Writing from a Place of Delight

So, about a week ago I thought I would write a blogpost inspired by Steven Pressfield, about…pain. I copied Pressfield’s recent post and linked it (see bottom of page), and I added this passage from the painter Grant Wood:

“The public does not realize, perhaps, the amount of work that goes into one painting before I begin to set it down on canvas. In my last picture, I spent two months–fourteen hours a day, including Sundays–sketching, making notes, rejecting ideas.” –Grant Wood

It’s all very wise and was meant to encourage me to push through a rough patch. But it really just made me feel  the complete opposite of encouraged. I wanted to go back to bed.

On a whim I googled “DELIGHT,” and it took me straight to J. B. Priestley’s book Delight, published in 1949. Not long ago my husband and I watched the 2018 film of Priestley’s play, An Inspector Calls, so this seemed like one of those synchronicities that we ought to pay attention to. I bought the book, downloaded it, and, well, was delighted.

In the preface, Priestley begins, “I have always been a grumbler.” He goes on to explain the benefits (the delights?) of a good grumble. But then we get 114 short chapters on what delights him: reading detective stories in bed, lighthouses, waking to the smell of bacon, the ironic principle, orchestras tuning up, making stew, departing guests. Some of it is a little dated (the stereoscope, wearing long trousers, and several chapters about the delights of smoking). But it’s also a window into Priestley’s time (1894-1984), bits of a lost world.

I’m rushing off to a task this morning (and finishing it will delight me), but here’s a post from another blog that does a better job than I have time for: https://www.stuckinabook.com/delight-jb-priestley/

And that’s your assignment for this week. Sure, I hope you sometimes push through, dig deep, suffer for your art, but meanwhile: what delights you? I’d love to hear about it.

6 replies
  1. Janet Hamilton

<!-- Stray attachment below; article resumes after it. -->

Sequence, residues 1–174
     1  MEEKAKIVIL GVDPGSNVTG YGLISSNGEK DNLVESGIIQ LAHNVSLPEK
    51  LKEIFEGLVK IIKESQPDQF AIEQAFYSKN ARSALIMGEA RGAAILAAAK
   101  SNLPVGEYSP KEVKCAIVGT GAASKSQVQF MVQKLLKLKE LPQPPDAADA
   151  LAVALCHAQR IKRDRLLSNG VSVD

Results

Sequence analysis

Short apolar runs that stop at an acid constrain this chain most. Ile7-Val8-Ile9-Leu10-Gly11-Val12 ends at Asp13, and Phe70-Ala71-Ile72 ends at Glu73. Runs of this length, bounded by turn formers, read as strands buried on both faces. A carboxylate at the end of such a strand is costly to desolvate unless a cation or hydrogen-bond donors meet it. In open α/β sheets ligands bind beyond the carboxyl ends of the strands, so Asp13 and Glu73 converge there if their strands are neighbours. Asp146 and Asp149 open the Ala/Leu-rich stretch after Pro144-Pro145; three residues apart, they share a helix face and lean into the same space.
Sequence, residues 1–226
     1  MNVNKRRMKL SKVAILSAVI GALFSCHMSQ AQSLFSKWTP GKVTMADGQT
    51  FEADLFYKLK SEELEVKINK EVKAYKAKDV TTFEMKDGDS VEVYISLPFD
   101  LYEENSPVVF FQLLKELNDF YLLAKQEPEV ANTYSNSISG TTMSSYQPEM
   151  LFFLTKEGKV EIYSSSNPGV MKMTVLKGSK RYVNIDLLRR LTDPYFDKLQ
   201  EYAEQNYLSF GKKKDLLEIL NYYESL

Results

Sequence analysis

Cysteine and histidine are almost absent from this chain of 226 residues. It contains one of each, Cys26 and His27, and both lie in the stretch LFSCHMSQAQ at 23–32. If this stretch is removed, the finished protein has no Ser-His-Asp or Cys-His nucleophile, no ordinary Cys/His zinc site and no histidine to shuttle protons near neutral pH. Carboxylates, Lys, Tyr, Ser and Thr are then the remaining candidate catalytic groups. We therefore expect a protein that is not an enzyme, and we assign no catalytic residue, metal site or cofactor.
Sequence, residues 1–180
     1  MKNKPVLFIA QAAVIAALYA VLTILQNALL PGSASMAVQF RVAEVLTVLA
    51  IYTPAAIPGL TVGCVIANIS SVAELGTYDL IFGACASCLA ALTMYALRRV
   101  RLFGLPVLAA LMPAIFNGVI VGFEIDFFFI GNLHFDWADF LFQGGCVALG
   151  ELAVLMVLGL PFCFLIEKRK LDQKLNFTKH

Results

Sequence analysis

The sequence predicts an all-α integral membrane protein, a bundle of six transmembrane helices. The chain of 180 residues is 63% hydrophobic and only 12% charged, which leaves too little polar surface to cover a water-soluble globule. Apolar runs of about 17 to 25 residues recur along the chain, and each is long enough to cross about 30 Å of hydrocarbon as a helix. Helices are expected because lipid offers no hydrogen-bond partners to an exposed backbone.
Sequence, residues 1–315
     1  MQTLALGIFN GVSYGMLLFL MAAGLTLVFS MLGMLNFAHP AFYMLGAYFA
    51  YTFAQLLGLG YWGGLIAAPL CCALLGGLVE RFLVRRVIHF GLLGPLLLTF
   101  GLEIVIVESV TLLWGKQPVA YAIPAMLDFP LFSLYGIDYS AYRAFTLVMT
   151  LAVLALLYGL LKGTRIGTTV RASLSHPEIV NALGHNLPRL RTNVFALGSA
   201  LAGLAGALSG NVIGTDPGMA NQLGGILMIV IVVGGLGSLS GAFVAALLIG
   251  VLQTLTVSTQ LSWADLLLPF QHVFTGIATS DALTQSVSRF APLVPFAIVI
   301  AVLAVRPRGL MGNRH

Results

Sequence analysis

Janet Hamilton says:

    I can relate to this SO much…pushing through the pain zone. Yes, to get better we need to push through it -more than some people would wish to. It’s probably more of an inner drive than anything, more than what our parents taught us (my siblings are all quite different). Delight? For me it’s interspersed with the work, and also outside of it. A poem or painting that works is a high, but so is dinner with friends and the change of seasons,,,,

    Reply
  2. Rita
    Rita says:

    Oh, does this speak to my week. It was one of few delights, and as I sit here on a Saturday morning hoping for something to come up within me for a blog post of my own, all I feel is empty. I think delight is a requirement for writing. Even when I’m writing about painful things, there is delight in it. Delight in gaining insight, in finding the right words, in working through something.

    The longer I live and create and support others in their work, the less I think that productivity is a matter of will or what we call discipline. I think we do what compels us, and not choosing one thing is a way of choosing another. My creative barrier has most consistently been a combination of economic need and a need to do work that feels meaningful. (Thus, a career in education.) I think Pressfield is a bit of an ass, primarily because he writes from a place of being a rather privileged white man. I’m glad you found an alternative perspective that served you well.

    Reply
    • Bethany
      Bethany says:

      Rita, Just wanted to say that I have read and reread this comment, it contains some profound wisdom for all of us. After reading your recent blog post, I also thought about how you must coach your students to do this too. Even when frustrated, decidedly UNdelighted, there’s a delight in figuring it out and getting to that terrific insight at the end. Thank you for saying so.

      Reply
  3. Carolynne Harris
    Carolynne Harris says:

    What a delight to read about delight. I watched aging parents find delight – my dad with clouds and babies. My mom with birds and all growing things. I find myself 77 year old self re-remembering my delights – making my day today!

    Reply
    • Bethany
      Bethany says:

      A man from my writing group emailed — he went to his local bookstore and ordered a used copy of Priestley’s book — which delighted me. Thanks for sharing your memories. 🙂

      Reply

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